What will success look like for the ACCC when data sharing goes live

  • By Christine St Anne

The ACCC expects to see a vibrant open data framework in six months time given the promising levels of interest from the number of parties who have applied for accreditation under its consumer data right framework.

“These parties are offering a range of different services so it will really be about building out a number of new competitive services and new consumer value propositions,” ACCC executive general manager, consumer data right Paul Franklin said.

While there has been some discussion about the role of the CDR, to facilitate switching, Franklin said that it is a possibility but it is not the only one innovation.

“We are also very interested in the services that just provide better alternatives to customers and possibly services that haven't even been contemplated yet.  

The competition watchdog has already conduced live testing and is confident that data sharing will go live next week – 1 July.

From that date, the four major banks will become participating data holders with two accredited data recipients – Frollo and the Regional Australia Bank.

Franklin acknowledged that there will “possibly be only two data recipients” in the first couple of months but that it was a “matter of starting small and then growing”.

“In the first month, it really will be about proving that the system works.”

In a two-hour webinar hosted by ACCC for the industry, the regulator also tackled the issue of consumer engagement.

The ACCC did not engage any consumers during its testing phase as it felt services needed to be available to do that.

In terms of boosting awareness of the CDR, the ACCC won’t be embarking on a broad campaign.

“Most of our communications has been driven by the need to get interest within the fintech sector and the financial institutions and technology organisations,” Franklin said.

“We're largely going to be announcing the launch next week through press releases that will go to industry publications and the mainstream media. We are not yet planning a widespread consumer education campaign.”

A consumer education campaign will only be undertaken once the industry reaches critical mass with CDR buy-in.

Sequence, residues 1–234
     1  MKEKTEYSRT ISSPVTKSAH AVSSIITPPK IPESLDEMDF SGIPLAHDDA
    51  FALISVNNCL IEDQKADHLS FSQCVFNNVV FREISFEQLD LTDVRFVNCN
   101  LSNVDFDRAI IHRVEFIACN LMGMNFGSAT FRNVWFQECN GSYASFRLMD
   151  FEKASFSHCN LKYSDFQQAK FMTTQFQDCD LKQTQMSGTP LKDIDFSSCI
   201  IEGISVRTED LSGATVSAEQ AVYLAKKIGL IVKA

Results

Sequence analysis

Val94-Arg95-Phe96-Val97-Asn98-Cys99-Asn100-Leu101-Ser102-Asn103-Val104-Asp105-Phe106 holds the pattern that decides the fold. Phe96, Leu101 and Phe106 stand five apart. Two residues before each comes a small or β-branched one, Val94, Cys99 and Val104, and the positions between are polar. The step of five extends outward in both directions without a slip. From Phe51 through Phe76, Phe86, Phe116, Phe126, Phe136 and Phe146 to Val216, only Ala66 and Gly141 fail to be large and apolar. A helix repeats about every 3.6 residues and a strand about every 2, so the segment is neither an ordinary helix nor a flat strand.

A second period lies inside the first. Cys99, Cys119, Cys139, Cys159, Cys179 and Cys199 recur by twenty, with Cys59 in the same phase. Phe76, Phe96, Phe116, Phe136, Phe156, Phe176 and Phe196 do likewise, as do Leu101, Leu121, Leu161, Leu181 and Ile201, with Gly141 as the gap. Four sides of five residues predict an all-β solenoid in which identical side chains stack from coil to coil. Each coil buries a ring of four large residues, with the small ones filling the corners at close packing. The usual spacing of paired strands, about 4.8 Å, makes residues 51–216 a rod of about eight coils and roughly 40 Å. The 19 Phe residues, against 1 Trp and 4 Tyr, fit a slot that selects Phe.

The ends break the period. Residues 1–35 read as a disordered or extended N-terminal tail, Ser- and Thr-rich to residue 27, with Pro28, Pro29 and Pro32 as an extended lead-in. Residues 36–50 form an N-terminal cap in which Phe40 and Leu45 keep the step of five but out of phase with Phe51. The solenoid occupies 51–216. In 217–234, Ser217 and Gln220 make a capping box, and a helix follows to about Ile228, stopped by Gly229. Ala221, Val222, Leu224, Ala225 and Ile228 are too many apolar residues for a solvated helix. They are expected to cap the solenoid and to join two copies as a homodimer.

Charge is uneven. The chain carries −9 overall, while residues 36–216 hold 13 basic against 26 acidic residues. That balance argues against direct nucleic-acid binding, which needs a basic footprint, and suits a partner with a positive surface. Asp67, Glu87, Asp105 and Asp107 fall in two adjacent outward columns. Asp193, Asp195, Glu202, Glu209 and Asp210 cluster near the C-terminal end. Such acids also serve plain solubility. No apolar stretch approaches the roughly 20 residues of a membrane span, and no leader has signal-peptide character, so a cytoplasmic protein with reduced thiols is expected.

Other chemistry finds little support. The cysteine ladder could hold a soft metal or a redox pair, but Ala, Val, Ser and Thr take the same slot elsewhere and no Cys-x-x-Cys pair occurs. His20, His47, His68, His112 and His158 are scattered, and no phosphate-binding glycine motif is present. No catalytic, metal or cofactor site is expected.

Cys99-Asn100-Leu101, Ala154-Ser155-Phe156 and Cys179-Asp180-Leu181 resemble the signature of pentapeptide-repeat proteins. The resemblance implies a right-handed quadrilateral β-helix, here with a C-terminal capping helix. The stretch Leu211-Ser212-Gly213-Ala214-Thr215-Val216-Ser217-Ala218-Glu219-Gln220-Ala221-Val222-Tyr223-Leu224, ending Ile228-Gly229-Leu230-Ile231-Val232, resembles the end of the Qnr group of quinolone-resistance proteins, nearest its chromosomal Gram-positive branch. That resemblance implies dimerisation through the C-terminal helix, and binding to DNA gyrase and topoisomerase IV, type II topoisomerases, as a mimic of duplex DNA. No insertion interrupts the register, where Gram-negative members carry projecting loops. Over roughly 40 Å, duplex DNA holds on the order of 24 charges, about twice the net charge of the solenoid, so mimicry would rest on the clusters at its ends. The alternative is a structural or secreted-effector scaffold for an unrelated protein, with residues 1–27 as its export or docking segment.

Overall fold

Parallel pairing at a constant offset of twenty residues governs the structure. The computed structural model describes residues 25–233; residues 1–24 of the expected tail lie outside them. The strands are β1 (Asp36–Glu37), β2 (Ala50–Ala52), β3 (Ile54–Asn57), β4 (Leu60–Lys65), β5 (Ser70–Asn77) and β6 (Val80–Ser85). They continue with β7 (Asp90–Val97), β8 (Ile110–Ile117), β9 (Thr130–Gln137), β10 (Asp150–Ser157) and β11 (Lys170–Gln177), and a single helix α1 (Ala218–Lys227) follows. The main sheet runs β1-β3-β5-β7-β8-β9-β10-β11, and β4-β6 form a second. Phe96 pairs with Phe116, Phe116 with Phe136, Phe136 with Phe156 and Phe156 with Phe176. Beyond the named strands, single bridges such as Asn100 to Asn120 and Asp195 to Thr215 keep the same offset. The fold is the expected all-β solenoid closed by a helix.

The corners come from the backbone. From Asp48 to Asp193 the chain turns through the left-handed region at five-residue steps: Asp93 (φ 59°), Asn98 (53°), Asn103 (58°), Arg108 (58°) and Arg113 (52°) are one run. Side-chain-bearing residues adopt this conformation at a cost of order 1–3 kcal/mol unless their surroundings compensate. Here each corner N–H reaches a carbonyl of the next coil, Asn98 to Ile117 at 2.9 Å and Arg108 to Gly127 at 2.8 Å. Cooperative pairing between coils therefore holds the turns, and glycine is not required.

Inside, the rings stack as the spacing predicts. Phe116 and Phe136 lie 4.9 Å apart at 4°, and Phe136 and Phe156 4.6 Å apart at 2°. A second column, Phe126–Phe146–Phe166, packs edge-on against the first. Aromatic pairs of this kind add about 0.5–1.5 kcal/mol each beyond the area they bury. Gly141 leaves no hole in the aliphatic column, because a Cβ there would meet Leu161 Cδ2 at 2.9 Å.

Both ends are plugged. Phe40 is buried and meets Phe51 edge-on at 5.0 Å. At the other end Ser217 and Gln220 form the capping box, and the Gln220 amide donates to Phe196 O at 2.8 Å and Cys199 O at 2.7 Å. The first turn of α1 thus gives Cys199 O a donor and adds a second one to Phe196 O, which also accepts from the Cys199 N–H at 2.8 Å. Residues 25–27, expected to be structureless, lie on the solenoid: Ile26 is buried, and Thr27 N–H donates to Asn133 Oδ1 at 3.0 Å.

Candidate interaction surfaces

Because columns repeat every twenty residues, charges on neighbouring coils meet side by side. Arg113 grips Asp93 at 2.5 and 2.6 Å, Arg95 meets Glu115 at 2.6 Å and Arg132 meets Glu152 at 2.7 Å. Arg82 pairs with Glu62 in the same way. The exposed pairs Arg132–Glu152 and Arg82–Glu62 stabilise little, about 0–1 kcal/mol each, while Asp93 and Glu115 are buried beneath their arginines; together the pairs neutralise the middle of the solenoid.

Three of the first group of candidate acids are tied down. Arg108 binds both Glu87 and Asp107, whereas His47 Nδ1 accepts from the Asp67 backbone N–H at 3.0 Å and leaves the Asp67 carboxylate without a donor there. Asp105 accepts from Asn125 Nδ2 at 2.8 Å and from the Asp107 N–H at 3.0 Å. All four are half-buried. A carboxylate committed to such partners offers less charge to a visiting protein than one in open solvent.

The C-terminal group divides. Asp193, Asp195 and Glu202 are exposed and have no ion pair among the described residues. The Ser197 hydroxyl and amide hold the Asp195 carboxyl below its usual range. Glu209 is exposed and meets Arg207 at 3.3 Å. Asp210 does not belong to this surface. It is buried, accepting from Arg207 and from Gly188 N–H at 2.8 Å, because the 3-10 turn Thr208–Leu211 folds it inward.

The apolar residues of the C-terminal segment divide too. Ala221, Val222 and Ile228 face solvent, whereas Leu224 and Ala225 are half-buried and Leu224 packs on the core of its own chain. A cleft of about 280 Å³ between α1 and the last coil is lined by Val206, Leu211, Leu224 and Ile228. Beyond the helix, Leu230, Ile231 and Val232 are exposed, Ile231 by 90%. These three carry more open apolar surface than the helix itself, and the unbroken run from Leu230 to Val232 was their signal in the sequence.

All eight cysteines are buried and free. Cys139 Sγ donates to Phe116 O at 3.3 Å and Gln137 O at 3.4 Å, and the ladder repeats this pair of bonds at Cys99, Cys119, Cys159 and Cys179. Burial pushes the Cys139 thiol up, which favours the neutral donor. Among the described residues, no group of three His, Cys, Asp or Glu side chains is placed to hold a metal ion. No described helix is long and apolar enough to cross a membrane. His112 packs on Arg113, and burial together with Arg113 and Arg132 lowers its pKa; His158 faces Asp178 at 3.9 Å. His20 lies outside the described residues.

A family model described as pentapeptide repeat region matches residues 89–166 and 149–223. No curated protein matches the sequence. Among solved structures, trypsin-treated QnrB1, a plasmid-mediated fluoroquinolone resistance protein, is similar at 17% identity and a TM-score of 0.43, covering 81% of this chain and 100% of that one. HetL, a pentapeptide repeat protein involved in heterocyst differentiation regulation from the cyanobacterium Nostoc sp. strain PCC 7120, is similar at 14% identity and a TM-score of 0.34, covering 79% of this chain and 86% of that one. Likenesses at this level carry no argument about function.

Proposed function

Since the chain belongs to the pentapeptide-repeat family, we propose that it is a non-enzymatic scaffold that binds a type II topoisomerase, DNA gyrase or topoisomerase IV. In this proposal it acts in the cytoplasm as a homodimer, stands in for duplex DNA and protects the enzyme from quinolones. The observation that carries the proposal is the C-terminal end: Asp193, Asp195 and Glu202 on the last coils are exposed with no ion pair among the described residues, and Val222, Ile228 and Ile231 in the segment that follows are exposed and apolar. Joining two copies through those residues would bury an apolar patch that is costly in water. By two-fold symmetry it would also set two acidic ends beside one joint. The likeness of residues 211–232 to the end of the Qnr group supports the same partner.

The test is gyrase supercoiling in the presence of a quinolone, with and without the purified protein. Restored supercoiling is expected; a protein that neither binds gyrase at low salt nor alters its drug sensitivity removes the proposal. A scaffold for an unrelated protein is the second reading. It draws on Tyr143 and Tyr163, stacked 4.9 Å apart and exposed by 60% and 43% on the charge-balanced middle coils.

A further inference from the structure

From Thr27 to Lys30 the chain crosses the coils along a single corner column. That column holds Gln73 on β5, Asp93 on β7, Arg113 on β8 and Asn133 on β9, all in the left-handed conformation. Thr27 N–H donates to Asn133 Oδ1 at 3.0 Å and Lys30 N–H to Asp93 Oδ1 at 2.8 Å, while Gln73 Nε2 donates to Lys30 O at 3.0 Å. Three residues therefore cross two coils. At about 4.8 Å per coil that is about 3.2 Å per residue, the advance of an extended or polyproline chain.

In terms of reaching this critical mass, part of the industry will still navigate a number of challenges in order to successfully participate in the new regime.

We've started with an unrestricted level of accreditation, which I think it's fair to say is intended to be an umbrella level of accreditation for the CDR as it expands across sectors, Jodi Ross, ACCC


The webinar included a plethora of far-ranging questions from the audience.  

The Conformance Test Suite (CTS) – which essentially green lights firms to participate in CDR – will be available to accredited data recipients in September while the data for ‘data holders’ it is a ‘TBC’.

A firm testing in CTS could meet the requirements within a day if their their solution is developed closely with the CDR standards but it might take longer if that testing reveals “defects” within their systems.

The ACCC said the CTS was not a sandbox or assisted development tool.

Outsourcing arrangements were also tackled particularly with cloud providers.

“As a general rule it all comes down to the idea of disclosure and whether the cloud storage provider can be said to have disclosed, the data having regard to the nature of the services hat t they are providing,” ACCC executive director of policy Jodi Ross said.  

This will depend on the type of service model being offered.

“If it's a service model that really doesn't involve anything other than provision of storage, infrastructure and the data recipient is effectively in control of the data and indeed the encryption of the data. I think it may well be the case that an outsourcing arrangement is not needed.

“But we are aware that there's a range of service models that exist and some of those may well involve the need to have an outsourcing agreement,” Ross added.

Going forward, the ACCC will be eying separate accreditation rules for other sectors as the CDR widens to energy and telecommunications.

Here the ACCC will be looking at new tiers as the CDR develops.

“We are very mindful of the recommendation that Scott Farrell made about risk-based tiers of accreditation.

“We've started with an unrestricted level of accreditation, which I think it's fair to say is intended to be an umbrella level of accreditation for the CDR as it expands across sectors,” Ross said.

The ACCC is in the process of considering what other levels of accreditation could look like.

“I think at this stage we are seeing a basis for another level of accreditation that may well encompass energy and possibly some specific APIs and data sets in banking as well,” Ross said.

“We are at the early stages of this type of thinking. And obviously it will need to go through full consultation and privacy impact assessment process.”

ACCC will also be exploring with ASIC the potential to work within the corporate regulator’s fintech sandbox.

This could include providing limited accreditation that enables fintechs to test some products around the CDR.

“We might look the possibility of government entities wanting to become accredited as well, and whether there's some special things we need to do to accommodate them.”